Why I think Bill Bolling’s independent bid for governor is a mistake.
Lt. Governor Bill Bolling sent an email out this week soliciting advice regarding a “possible” run for governor.
Translation: I’m running. Get your check books.
Bolling said: Let me assure you that I have not entered into these deliberations lightly. I have been a loyal Republican for the past 25 years. No one has done more or sacrificed more for the Republican Party than I have. But quite frankly, this is a challenging time for our party and I’m concerned that our party is headed in the wrong direction.
I have a lot of respect for Bill Bolling’s service as a State Senator and for Lt. Governor for eight years. Let’s face it, he served under Tim Kaine and did so with grace.
But I have issues with his statement that the party is headed in the wrong direction. If he really believed that, he’d stick around and try to change things. But what really happened was that he got out snookered in the primary process. Whether that was right or wrong, it’s what happened.
Bolling is citing poll numbers that say 67% of voters would consider voting for a 3rd party candidate. But that’s not an endorsement of Bolling any more than it is an endorsement of Tareq Salahi. It’s an indication that people would prefer a different choice than Terry McAuliffe or Ken Cuccinelli.
There are more numbers in the poll that might indicate good news for Bolling. But let’s not forget that this is the same polling outfit that last October had George Allen winning by 3 pts. Mitt Romney by 7 in Virginia. President Romney was unavailable for comment.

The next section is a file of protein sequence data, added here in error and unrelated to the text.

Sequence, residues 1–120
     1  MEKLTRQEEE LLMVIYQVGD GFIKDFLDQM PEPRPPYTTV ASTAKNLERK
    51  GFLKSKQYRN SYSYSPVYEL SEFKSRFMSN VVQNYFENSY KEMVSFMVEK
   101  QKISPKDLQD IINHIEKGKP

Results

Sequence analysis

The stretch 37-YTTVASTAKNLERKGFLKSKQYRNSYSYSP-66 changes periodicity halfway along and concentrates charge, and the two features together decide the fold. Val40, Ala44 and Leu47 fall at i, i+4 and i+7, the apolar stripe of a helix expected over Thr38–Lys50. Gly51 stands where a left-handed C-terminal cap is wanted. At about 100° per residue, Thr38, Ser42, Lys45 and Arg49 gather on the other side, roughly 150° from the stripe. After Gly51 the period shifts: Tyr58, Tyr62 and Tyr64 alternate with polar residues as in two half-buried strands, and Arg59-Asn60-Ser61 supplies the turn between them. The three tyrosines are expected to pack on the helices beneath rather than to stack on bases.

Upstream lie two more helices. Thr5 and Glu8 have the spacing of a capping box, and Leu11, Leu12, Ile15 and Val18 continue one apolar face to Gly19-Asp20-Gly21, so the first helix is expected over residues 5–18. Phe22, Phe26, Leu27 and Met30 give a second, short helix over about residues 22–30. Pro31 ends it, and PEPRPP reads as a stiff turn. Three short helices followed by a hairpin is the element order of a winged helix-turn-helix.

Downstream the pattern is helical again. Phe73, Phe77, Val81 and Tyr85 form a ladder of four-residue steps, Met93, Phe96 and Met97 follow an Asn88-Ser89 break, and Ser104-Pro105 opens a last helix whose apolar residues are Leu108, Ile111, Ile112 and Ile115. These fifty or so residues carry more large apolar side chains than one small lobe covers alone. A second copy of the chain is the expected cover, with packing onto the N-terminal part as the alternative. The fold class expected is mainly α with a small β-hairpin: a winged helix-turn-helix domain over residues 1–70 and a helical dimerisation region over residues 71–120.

No, if Bill Bolling decides to do this, and there’s every indication to believe that he has already decided, he will throw away a distinguished career of public service and become a footnote in Virginia politics alongside Marshall Coleman and Russ Potts.
Marshall Coleman was a young politician with promise. In 1977 he became the first Republican elected to be Attorney General since Reconstruction. In 1981 he lost the Governorship in a close race with Chuck Robb. Coleman would come back to run for Lt. Governor in 1985, losing the nomination to John Chichester. In 1989 he would again be the party’s standard bearer in the Governor losing to Doug Wilder.
In 1994, Coleman went “independent” at the urging of then Senator John Warner and ran for the U.S. Senate, denying the seat to Oliver North and returning it to Chuck Robb.
Senator Russ Potts ran for Governor as an independent in 2005 merely because he didn’t like Jerry Kilgore. While reality is that Potts was not a factor in the Kilgore loss, he wanted to be.
You have to be a political geek to even remember Marshall Coleman and Russ Potts.
It would be shame if, 10 years from now, we were saying the same thing about Bill Bolling.
This isn’t the way to help the party or advance conservative causes, Mr. Bolling.
It’s a way to help Terry McAuliffe move into the Executive Mansion. His third choice, by the way, after considering runs in Florida and New York.
You’ve said your big announcement is coming on March 14. I hope you’ll do the right thing and make that the day you endorse Ken Cuccinelli.